I also bought a 5-in-1 male grooming set. I imagine it’s some sort of device that, once clamped to your body, shaves you, cuts your nails, brushes your teeth, cleans up your red-eye and squirts a shot of tequila down your throat.
The only thing I needed from the Glomail aisle was a giant box of Fat Attack. This is the ideal gift for the woman in your life and she will thank you in many new and interesting ways.
If you’re married to a somnambulist who drags your bed out onto the freeway while you’re asleep, I recommend the 5-in-1 sofa bed. It can survive the “massive force of two 20-ton trucks” and there’s a picture on the box that proves it. Of course, if you have a wife who weighs more than 40 tons, this probably isn’t the bed for you.
I stopped off at the girl’s toys aisle because some wives’ mothers never taught them to clean and cook and I believe it’s never too late for them to learn the basics. Brenda will appreciate the “My Little Home” range. It has everything from a plastic washing machine to a trolley fitted with a mop, broom and bucket. Next year, I’d like see a “My Little Broken Home” range where nothing works except a miniature crystal meth lab. Accessories would include paramedics and a social worker.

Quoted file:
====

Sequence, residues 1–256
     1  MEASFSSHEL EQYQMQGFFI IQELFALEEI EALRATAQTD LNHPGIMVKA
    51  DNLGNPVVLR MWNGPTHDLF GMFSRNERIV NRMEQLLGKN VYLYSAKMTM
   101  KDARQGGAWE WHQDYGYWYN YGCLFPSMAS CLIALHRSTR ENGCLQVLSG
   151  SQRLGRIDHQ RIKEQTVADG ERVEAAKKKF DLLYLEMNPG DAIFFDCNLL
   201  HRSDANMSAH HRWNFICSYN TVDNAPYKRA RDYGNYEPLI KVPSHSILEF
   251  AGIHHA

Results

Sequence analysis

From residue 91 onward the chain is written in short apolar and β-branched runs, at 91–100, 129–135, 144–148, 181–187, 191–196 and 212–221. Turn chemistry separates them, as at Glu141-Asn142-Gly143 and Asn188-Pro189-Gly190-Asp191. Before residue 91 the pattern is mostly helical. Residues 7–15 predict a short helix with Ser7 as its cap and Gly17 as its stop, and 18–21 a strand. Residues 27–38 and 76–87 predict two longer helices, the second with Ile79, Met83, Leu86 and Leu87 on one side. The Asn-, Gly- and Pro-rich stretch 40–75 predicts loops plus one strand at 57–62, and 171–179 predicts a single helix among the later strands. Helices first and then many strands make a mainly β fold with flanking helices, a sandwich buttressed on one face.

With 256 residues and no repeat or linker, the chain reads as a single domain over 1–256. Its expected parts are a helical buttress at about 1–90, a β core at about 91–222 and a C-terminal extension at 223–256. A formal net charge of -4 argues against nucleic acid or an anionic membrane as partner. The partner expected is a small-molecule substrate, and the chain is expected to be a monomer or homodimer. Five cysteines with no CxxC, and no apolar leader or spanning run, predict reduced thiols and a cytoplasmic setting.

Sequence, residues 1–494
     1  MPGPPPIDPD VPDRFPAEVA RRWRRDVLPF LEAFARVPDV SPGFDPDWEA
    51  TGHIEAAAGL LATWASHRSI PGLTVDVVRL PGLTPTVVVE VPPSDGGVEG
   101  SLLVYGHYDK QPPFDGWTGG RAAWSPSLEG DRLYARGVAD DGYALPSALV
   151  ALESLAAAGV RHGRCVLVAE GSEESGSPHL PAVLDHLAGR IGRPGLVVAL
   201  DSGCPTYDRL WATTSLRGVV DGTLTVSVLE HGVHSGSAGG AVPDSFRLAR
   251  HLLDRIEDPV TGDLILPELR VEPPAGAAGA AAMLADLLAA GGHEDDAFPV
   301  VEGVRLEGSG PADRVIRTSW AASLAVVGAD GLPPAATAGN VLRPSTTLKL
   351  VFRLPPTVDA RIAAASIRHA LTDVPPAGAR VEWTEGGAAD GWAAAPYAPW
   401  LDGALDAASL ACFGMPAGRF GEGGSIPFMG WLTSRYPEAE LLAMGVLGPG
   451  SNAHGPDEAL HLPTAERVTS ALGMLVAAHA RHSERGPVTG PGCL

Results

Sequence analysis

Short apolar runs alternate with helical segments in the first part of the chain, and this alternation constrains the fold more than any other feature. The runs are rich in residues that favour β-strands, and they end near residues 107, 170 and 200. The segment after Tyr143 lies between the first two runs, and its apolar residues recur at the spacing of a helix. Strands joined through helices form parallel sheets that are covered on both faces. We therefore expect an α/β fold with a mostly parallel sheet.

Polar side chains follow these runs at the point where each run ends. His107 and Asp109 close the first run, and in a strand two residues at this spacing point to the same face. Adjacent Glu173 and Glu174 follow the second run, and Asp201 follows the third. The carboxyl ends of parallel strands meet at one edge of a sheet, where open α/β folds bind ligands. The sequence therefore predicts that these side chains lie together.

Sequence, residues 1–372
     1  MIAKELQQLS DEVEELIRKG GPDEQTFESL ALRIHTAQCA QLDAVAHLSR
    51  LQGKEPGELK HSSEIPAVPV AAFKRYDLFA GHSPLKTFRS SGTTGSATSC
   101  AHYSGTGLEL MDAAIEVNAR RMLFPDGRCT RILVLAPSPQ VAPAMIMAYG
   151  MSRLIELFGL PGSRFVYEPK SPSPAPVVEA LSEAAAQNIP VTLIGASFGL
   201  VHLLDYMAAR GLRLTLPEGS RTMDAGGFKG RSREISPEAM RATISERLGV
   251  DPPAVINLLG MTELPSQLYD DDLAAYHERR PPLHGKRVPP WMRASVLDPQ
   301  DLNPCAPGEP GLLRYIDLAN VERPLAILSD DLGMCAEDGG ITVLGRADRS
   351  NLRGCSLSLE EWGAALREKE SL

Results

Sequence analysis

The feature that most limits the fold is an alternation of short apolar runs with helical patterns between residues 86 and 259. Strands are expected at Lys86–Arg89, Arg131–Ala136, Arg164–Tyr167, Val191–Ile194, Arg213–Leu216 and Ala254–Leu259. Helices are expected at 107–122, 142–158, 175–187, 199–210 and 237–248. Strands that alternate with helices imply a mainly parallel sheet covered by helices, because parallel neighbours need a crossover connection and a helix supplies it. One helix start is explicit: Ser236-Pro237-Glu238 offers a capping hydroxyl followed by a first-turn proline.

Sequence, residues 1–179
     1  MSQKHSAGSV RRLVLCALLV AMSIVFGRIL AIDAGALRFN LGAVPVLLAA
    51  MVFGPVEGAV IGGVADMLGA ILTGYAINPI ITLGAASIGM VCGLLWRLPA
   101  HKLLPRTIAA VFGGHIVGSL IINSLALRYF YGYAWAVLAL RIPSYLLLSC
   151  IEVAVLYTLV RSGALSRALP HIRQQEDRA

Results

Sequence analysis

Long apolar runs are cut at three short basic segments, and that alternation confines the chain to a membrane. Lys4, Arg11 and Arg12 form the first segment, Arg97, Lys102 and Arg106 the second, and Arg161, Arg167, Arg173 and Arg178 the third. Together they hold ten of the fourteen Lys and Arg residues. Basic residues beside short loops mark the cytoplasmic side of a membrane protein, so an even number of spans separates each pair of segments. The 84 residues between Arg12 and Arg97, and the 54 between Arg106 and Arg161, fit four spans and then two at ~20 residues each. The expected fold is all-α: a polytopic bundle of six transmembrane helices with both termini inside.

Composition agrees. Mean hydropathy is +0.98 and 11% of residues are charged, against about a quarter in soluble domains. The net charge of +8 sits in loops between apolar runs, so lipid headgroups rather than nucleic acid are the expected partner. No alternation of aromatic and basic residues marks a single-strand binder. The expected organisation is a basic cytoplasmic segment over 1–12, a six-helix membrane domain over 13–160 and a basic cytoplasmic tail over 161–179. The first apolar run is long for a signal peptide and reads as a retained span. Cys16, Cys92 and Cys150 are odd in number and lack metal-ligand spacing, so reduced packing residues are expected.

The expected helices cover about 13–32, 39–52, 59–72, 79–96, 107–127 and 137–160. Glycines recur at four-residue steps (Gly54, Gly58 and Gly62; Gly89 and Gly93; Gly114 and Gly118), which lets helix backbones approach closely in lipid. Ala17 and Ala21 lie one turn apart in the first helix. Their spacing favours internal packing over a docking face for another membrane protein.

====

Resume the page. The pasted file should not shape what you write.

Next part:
I didn’t get Brenda the electronic kitchen set after discovering that it makes realistic sounds. The last thing I need is a toy that shrieks: “You’re not having another beer, are you?” and “You can also cook sometimes, you lazy bastard!’
I wasn’t all that taken with the board games on offer. Games don’t really do it for me unless they involve tears and trauma. King of Cash billed itself as “the truly South African board game”. The box shows a drawing of a guy tossing money out of his convertible. The winner is the first player to buy the “Big 6 assets” – house, car, furniture, boat, audiovisual and clothing. The more companies you own, the more you make. Suitable for ages 8+. I don’t even need to say anything.
Too late, I realised I had drifted into the danger zone – the home gym department. A man with the body of a gorilla and the face of a granadilla came up to me and said: “You need help.” I was speechless with outrage. Only later did it occur to me that he might not have been trained in the subtle art of vocal inflection. Which is no excuse, really.
I also needed to get something for my parents who, at increasingly great cost to myself, appear to be immortal. I found a shop called Dad’s Toys but it wasn’t, as one might think, filled with model aircraft and puzzles to stave off Alzheimer’s.
I walked out with a crossbow, a knuckleduster, two throwing knives, a pair of nunchucks, a bulletproof vest and a riot shield. That’s Brenda taken care of. I got dad a hip flask and a can of pepper spray for mother.
Too weak to make it back to my car, I bought a bag of tartrazine-flavoured carbohydrates and found a table outside next to a family built like bakkies who barked at each other in a harsh guttural tongue, wolfed a tray of burgers then lit up cigarettes and blew smoke over the baby in the pram. As it was, the creature barely looked human. Darwin was wrong. It’s the survival of the fattest. If not the dumbest.